Big Mining Exploits Clean Water Act Loopholes

from Wildlife Promise

Tony TurriniThis guest post is written by Tony Turrini, NWF’s Senior Counsel in the Alaska office of our Pacific Regional Center.  Tony has been with the National Wildlife Federation for over 19 years.

As an environmental attorney working in NWF’s Alaska field office for almost 20 years, I’ve fought a number of bad mining projects, but the Pebble Mine in Alaska’s Bristol Bay is a real nightmare.

The Pebble Limited Partnership (PLP) is proposing to build North America’s largest open pit copper and gold mine in the pristine headwaters of Bristol Baythe source of the greatest runs of wild sockeye salmon left on earth.

Sockeye Salmon by Dan Bennett

The Pebble Mine threatens the ecosystem of the Sockeye Salmon (Photo Credit: Dan Bennett)

PLP plans to use cyanide to remove the minerals and then store billions of tons of contaminated tailings in massive earthen reservoirs hundreds of feet deep.  These reservoirs will destroy vast areas of wetlands, streams, and lakes — the backbone of Bristol Bay’s incredible fishery.

The Clean Water Act (CWA) should prevent this destructive practice.  After all, one of the primary goals of the act was to prohibit the use of the nation’s waters as disposal sites for industrial wastes.  Unfortunately, there are two “loopholes” in this critical law that allow many large hard rock mines to treat the nearest river valley or lake as a dump for massive quantities of chemically-treated mining wastes.

The two loopholes are found in current agency regulations implementing the CWA.  Controversial projects such as Pebble Mine and Polymet Mine in northern Minnesota, and numerous existing hard rock and surface coal mines in the West and Appalachia, are relying upon these loopholes to cut costs and justify extensive environmental damage.  The approach to mine waste disposal authorized by the two loopholes is a throwback to a time before the Clean Water Act when polluters could legally poison our waters.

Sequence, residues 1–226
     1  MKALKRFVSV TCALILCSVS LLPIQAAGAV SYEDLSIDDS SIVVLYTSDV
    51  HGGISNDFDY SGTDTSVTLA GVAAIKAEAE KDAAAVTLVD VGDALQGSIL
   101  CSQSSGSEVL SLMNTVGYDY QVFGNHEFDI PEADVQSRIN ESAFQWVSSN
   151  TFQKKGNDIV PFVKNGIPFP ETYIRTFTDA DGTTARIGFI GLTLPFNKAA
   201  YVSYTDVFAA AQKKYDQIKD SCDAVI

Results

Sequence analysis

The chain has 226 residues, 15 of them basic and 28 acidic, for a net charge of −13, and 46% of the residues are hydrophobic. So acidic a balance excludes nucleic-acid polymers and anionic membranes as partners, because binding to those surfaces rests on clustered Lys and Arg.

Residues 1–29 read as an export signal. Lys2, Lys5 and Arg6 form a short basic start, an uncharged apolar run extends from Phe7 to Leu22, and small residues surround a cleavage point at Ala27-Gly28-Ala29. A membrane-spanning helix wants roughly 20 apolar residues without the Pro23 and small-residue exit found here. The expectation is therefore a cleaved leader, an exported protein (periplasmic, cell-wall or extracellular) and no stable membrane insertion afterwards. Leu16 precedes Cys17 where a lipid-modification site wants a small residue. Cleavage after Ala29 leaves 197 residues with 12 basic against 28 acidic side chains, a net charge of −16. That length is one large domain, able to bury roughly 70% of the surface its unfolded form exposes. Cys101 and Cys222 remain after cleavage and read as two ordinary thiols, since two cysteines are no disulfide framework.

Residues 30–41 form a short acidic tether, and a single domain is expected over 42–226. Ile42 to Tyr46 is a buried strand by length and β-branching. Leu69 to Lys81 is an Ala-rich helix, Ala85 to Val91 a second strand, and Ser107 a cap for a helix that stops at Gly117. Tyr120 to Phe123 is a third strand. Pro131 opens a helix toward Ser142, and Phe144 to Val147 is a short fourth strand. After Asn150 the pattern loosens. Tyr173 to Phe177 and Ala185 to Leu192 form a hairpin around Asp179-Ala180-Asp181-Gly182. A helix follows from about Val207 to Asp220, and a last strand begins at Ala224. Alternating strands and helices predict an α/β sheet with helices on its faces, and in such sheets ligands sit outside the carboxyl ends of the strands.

While discharging wastes into wetlands, streams, and lakes may be convenient for mining companies, it is not a necessary way of doing business.

Almost 30 years ago, EPA found that mines could operate profitably without discharging their wastes into the nation’s waters.  The agency adopted a zero discharge standard for mines using cyanide to extract gold and copper.  That standard, if enforced today, would prohibit open pit hard rock mines from “storing” their wastes in our waters.

We need to close these two loopholes now, and EPA and the Army Corps of Engineers have the authority to do so.  Wastes from mines like the Pebble Mine destroy our fisheries, our wildlife, and our drinking water.  The Obama Administration has a made a strong public commitment to protecting the waters that sustain America’s people and wildlife.

Keeping mining wastes out of those waters is an important step in the right direction.